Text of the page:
Tuesday, November 25, 2014

Recipes from the Wagstaff Miscellany - 146 Bytare Rostyd

Recipes from the Wagstaff Miscellany (Beinecke MS 163)

This manuscript is dated about 1460.

The 200 (approx.) recipes in the Wagstaff miscellany are on pages 56r through 76v.

Images of the original manuscript are freely available on the Yale University Library website.

I have done my best to provide an accurate, but readable transcription. Common abbreviations have been expanded, the letters thorn and yogh have been replaced with their modern equivalents, and some minor punctuation has been added.

Copyright © 2014 by Daniel Myers, MedievalCookery.com


146. Bytare Rostyd
Sle hym in the mouth as a heyron draw hym as a henne reys up his leggys as a crane let hys whyngys be on & take a wey the bone of the necke as of a heyron & putt the hedde in at the golet or in the shulder reys up his leggys & his whyngys as of a heyron & no sause but salt.


This recipe is a close match for recipe 83 from A Noble Boke off Cookry.
A Bittur take and sley him in the mouthe as a heron drawe him as a henne and fold up his leggs as a crayne and lett the wings be on then tak a waye the bone of the nek as ye did a heron and put the hed into the gullet or in to the shulder then raise hym and raise his leggs and his wyngs as a herone and no sauce but salt.  [A Noble Boke off Cookry (England, 1468)]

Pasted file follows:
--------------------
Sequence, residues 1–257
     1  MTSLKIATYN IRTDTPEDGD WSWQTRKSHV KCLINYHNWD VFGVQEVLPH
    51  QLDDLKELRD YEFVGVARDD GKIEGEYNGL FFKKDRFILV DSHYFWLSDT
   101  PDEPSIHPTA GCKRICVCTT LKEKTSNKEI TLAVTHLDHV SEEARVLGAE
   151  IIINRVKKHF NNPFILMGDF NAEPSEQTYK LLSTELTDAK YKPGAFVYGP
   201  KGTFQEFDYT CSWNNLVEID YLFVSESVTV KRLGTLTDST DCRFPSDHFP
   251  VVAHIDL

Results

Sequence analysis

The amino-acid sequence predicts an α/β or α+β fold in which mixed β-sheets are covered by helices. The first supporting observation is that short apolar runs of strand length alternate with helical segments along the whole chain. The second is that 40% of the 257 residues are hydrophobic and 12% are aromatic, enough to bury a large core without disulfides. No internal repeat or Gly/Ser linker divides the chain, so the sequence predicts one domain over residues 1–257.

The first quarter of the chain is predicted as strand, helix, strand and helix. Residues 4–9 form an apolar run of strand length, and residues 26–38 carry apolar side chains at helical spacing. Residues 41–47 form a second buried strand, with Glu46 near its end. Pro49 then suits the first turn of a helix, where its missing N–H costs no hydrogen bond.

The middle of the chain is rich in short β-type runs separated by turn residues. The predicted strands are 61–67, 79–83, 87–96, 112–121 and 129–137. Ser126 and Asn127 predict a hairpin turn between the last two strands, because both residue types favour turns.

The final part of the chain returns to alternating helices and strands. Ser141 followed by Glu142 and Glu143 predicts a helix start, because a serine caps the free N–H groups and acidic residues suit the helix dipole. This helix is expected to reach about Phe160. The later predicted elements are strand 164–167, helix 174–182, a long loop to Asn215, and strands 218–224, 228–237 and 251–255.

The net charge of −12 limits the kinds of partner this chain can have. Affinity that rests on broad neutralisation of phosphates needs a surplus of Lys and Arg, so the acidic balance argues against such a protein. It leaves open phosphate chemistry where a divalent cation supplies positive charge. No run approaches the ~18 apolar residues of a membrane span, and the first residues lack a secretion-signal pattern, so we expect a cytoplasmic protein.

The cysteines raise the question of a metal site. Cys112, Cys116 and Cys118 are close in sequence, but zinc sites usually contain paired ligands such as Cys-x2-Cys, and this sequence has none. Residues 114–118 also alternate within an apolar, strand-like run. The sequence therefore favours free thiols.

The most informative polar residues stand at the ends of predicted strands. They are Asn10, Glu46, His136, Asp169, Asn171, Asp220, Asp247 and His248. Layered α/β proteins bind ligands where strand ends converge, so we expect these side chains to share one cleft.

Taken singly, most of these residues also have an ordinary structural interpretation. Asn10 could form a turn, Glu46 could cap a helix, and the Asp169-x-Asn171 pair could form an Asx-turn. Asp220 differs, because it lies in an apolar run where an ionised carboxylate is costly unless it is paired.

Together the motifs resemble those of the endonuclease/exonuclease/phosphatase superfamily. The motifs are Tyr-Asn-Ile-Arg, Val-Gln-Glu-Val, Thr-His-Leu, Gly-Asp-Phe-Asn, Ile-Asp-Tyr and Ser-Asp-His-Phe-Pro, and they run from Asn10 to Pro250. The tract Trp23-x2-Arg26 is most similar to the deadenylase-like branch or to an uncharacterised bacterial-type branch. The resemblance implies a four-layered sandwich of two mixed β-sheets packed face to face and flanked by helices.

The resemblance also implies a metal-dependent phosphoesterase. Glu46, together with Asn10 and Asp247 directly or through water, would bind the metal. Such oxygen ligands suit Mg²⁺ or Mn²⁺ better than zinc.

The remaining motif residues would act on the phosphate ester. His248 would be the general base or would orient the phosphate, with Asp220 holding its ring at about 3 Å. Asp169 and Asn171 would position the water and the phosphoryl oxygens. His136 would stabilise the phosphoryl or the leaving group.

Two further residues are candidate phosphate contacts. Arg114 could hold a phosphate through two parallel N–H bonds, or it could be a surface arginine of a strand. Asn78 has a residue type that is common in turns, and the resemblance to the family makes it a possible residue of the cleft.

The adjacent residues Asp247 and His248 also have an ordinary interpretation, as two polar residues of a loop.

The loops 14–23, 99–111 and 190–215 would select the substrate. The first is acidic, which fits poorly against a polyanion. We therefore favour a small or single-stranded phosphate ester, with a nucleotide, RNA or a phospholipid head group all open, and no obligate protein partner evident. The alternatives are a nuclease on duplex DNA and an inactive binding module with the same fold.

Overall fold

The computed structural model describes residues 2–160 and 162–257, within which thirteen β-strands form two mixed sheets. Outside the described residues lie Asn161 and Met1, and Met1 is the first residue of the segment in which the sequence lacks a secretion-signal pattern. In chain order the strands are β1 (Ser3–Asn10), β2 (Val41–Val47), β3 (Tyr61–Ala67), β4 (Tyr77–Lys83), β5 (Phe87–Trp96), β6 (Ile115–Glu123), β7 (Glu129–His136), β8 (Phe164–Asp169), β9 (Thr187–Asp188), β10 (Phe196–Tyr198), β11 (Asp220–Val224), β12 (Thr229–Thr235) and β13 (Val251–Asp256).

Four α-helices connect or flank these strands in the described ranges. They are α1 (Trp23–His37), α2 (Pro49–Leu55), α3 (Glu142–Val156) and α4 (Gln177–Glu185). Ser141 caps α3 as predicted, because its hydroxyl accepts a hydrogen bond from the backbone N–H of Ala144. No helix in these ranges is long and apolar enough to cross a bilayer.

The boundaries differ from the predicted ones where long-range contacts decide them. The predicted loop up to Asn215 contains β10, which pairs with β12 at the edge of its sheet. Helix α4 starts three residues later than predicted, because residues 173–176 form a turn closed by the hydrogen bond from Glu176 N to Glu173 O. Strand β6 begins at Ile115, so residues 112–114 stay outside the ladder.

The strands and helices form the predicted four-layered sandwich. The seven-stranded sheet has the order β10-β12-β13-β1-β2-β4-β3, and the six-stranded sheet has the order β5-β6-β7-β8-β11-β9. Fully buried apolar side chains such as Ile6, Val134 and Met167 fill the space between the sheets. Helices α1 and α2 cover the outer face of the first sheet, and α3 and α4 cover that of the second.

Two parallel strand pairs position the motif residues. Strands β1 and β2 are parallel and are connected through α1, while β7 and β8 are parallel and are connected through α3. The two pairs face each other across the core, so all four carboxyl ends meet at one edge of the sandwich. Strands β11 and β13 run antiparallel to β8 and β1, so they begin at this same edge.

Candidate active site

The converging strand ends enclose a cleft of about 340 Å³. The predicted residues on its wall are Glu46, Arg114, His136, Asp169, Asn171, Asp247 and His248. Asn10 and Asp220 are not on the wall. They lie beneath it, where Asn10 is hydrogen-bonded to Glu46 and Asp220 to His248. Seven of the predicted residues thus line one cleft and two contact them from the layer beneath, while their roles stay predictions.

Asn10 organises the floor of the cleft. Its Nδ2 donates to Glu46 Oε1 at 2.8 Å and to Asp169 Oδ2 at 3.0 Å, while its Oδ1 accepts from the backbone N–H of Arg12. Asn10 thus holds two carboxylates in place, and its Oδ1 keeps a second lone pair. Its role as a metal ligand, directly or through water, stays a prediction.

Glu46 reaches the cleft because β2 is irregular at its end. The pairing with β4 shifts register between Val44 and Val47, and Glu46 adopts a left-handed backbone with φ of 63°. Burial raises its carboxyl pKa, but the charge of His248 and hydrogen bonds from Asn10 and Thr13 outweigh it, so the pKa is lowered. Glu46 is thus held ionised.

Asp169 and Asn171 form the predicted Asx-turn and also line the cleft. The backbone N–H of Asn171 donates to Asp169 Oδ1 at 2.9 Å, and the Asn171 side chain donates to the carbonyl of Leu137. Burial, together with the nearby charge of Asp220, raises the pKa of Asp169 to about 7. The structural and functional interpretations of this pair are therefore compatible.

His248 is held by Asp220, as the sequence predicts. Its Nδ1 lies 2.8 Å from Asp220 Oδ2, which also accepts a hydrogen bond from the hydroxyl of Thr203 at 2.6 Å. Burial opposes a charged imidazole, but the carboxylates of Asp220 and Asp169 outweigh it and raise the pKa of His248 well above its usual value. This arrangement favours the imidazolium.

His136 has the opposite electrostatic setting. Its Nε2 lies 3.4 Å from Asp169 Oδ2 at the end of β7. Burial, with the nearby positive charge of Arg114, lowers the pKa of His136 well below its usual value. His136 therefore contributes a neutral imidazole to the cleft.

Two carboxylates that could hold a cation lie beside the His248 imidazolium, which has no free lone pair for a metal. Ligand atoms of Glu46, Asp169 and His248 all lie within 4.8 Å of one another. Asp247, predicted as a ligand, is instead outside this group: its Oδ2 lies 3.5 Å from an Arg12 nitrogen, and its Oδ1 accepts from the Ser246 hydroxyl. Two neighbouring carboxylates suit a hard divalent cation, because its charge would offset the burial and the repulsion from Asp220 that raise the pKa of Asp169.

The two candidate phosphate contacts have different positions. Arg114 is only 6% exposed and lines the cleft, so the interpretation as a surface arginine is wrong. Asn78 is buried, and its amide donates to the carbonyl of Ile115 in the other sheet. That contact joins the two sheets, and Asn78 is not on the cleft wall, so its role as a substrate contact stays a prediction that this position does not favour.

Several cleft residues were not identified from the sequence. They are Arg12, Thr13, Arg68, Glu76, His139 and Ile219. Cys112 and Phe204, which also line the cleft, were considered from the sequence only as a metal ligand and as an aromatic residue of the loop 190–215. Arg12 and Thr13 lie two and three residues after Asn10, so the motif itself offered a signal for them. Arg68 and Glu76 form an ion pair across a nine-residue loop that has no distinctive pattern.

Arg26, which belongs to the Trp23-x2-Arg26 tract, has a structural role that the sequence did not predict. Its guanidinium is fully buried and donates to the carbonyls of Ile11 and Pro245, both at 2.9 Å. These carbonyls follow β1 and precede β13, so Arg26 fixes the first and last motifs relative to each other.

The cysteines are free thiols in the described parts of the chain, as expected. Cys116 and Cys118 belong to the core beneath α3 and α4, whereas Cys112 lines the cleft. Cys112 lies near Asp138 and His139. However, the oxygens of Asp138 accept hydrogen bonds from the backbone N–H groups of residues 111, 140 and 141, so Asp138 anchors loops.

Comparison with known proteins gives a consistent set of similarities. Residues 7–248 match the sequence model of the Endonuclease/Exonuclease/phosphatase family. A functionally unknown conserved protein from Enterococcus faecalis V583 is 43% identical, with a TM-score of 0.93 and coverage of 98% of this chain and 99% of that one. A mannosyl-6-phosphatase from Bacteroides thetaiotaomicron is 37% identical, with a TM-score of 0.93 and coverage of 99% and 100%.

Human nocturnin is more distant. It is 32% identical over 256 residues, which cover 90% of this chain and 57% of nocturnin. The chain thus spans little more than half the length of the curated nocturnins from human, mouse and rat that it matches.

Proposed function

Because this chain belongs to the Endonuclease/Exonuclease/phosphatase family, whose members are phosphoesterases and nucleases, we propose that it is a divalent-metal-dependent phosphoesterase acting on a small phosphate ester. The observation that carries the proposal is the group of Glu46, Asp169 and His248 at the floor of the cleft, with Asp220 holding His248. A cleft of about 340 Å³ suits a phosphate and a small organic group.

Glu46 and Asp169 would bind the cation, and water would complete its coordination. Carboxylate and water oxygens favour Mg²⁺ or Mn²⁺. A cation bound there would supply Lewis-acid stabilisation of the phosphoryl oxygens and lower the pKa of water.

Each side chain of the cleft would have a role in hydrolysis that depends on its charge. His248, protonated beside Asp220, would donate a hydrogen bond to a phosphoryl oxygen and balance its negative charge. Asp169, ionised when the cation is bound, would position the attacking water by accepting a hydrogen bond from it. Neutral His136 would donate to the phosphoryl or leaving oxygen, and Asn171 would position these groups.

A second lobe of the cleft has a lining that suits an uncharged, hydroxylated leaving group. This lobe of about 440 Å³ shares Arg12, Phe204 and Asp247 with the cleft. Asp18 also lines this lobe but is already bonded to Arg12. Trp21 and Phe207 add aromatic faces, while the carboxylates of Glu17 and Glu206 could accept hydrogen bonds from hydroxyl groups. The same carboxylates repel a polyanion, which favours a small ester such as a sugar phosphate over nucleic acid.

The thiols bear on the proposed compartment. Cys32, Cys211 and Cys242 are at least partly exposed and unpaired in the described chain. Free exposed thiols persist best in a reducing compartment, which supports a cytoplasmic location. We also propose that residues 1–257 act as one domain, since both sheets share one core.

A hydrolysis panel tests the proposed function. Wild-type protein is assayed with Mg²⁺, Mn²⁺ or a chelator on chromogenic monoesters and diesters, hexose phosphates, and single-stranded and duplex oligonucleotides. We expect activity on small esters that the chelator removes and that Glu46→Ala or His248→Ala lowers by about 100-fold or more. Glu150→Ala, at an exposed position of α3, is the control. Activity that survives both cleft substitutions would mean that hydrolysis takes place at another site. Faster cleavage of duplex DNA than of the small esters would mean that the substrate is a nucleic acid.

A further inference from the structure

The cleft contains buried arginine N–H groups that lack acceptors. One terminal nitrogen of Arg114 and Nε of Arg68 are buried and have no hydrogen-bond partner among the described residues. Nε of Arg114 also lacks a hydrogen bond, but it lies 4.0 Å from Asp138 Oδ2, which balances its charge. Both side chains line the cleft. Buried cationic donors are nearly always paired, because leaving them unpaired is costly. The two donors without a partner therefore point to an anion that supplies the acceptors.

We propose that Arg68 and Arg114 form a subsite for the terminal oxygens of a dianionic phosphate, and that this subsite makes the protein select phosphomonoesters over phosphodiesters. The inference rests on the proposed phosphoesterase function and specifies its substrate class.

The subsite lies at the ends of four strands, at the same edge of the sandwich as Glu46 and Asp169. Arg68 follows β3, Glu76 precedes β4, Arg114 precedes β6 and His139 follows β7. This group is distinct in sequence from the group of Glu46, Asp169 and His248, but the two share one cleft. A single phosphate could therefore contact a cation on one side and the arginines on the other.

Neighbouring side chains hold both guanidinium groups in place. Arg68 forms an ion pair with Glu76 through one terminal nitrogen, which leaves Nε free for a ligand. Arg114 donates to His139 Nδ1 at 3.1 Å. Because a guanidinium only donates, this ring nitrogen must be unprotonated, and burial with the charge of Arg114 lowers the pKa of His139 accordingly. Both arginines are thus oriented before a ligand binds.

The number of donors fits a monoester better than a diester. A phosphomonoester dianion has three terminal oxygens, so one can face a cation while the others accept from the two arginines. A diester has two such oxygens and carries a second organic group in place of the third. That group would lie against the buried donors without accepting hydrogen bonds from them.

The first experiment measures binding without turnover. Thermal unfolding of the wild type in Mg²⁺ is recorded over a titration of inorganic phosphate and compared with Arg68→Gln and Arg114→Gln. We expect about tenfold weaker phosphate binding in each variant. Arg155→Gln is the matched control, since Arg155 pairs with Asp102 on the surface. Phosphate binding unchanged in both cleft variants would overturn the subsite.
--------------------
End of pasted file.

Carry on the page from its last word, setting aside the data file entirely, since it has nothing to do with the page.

There are also two versions of this recipe in Two Fifteenth-Century Cookery-Books.
Bitore roste. Capitulum cxj. Slee a bytour in the mouth as an heron, and draw hym as an henne, and fold vppe hys legges as a crane; and lete the wynges be on, and take the boon of the necke all awey as of an heron: and putt the hedde in the golet or in the shuldre, and rost hym; and ryse the legges and the wynges as thou dost of an heron, and no sauce butt salt: and sett hym forth.  [Two Fifteenth-Century Cookery-Books (England, 1430)]
Bytor rosted. Take a Bitour, sle him in the mouthe, skalde him, serue him in all poyntes as thou doest a Crane, but lete him haue on his winges when he is rosted, And serue him forthe.  [Two Fifteenth-Century Cookery-Books (England, 1430)]

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